NHS Improvement, which oversees NHS and foundation trusts, estimated there were 97,000 NHS vacancies in 2017, including 10,000 for doctors and 35,000 for nurses. A digital revolution could relieve staff pressure, but many clinicians cannot reconcile digital hype with seeing it all go wrong.

Political leadership is essential to drive progress. Matt Hancock, secretary of state for health and social care, like his predecessor Jeremy Hunt, is firmly committed to digital. Whatever step he takes, the potential benefits of the digital revolution are huge.

Embracing an NHS long-term plan for digital could revolutionise healthcare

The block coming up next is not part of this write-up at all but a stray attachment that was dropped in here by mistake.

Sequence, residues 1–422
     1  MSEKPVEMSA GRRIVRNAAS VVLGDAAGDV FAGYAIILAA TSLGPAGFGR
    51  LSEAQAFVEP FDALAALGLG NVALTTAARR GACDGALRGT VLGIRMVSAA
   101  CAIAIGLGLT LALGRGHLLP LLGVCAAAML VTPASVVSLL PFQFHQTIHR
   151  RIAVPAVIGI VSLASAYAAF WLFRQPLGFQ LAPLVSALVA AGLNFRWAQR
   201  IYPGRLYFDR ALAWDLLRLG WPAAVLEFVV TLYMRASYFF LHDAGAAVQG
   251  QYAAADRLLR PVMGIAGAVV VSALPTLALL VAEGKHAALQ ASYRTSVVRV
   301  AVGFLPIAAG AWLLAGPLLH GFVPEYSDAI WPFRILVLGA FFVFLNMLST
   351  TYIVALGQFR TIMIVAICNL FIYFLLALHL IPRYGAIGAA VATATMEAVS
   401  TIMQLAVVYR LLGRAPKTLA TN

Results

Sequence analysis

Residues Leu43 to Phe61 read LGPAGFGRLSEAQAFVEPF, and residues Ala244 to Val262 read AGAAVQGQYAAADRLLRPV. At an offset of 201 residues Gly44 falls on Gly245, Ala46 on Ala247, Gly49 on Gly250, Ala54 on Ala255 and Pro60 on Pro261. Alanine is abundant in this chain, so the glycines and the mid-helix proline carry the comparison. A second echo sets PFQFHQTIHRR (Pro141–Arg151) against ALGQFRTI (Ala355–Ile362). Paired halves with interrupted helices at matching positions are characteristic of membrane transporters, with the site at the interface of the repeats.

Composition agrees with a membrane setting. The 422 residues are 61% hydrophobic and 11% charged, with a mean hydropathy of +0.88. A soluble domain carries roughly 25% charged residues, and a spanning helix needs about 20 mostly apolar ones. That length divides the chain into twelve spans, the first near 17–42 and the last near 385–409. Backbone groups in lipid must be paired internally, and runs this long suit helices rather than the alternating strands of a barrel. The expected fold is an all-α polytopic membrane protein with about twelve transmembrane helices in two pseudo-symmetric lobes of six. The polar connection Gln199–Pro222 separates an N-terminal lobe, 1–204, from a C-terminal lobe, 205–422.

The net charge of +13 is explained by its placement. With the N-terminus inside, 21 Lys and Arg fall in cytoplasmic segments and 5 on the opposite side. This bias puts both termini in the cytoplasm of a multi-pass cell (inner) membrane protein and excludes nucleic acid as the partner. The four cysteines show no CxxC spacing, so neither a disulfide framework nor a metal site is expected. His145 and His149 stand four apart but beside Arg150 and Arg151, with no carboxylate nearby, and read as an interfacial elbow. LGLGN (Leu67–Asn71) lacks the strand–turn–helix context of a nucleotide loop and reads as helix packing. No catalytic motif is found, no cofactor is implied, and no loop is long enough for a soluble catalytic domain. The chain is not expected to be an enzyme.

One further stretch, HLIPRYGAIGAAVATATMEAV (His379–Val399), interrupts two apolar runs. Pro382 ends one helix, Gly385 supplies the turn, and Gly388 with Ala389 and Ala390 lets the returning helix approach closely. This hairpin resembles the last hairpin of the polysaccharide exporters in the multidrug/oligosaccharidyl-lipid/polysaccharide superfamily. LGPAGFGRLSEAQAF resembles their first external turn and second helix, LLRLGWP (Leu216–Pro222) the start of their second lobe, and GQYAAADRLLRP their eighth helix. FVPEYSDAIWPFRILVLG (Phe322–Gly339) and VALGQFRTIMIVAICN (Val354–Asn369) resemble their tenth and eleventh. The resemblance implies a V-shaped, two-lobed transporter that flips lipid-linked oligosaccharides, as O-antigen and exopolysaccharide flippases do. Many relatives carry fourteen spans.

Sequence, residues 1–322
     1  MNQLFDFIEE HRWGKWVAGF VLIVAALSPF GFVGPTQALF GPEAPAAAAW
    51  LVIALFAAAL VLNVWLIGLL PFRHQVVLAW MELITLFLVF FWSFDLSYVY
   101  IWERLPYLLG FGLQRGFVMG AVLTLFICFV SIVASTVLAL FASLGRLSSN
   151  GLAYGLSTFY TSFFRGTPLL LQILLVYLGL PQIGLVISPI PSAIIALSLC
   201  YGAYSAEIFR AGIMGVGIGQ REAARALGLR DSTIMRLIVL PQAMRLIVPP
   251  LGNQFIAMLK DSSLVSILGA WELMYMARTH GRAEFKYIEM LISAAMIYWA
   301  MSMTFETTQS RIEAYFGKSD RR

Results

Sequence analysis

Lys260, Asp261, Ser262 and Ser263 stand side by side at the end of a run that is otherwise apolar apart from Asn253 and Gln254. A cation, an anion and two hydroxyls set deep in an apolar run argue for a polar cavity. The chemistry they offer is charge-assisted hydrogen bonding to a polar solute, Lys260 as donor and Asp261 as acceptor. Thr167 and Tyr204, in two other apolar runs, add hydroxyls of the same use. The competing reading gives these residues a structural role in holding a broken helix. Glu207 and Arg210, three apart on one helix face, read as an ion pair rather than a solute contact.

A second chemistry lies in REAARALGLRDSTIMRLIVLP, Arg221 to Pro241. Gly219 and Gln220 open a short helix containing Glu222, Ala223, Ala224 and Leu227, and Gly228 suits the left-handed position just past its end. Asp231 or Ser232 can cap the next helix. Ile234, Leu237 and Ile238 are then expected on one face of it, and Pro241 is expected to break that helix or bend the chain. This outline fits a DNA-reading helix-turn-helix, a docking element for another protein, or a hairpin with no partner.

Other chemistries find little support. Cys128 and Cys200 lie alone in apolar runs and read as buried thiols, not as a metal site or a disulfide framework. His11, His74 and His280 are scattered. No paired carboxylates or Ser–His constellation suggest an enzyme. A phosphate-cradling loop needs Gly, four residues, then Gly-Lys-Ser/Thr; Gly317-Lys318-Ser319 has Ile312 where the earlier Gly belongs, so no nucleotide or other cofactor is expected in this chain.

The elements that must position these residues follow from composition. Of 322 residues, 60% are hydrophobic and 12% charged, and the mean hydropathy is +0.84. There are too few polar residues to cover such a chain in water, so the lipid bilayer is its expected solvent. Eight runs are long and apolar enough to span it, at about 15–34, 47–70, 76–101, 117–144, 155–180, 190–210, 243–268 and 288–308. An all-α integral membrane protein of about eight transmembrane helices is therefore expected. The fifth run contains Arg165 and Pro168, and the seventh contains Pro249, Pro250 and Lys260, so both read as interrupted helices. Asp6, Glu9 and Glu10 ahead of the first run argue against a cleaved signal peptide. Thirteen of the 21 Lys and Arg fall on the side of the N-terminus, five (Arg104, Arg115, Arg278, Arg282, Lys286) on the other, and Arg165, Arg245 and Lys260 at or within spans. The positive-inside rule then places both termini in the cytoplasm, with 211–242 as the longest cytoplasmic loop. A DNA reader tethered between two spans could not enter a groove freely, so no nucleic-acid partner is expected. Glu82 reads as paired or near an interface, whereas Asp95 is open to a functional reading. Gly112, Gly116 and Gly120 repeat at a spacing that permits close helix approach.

They could be as far reaching in technological terms as the therapeutic revolution of the last 70 years has been in producing innovative treatments ranging from antibiotics to clot busters, from oral contraception to in vitro fertilisation, and from laser surgery to organ transplants.

While the possible gains are huge, so are the challenges. Ministers and NHS leaders must resist the temptation to snatch back money allocated for digital projects. Instead they must show courage and invest in technology even though the full benefits may not be immediately apparent to patients, perhaps for years.

The importance of an NHS long-term plan for digital cannot be overstated. Indeed, unlocking the full benefits of the digital revolution will very likely be the key to the sustainability of a UK health service funded by taxpayers, free at the point of care. This is surely something worth fighting for.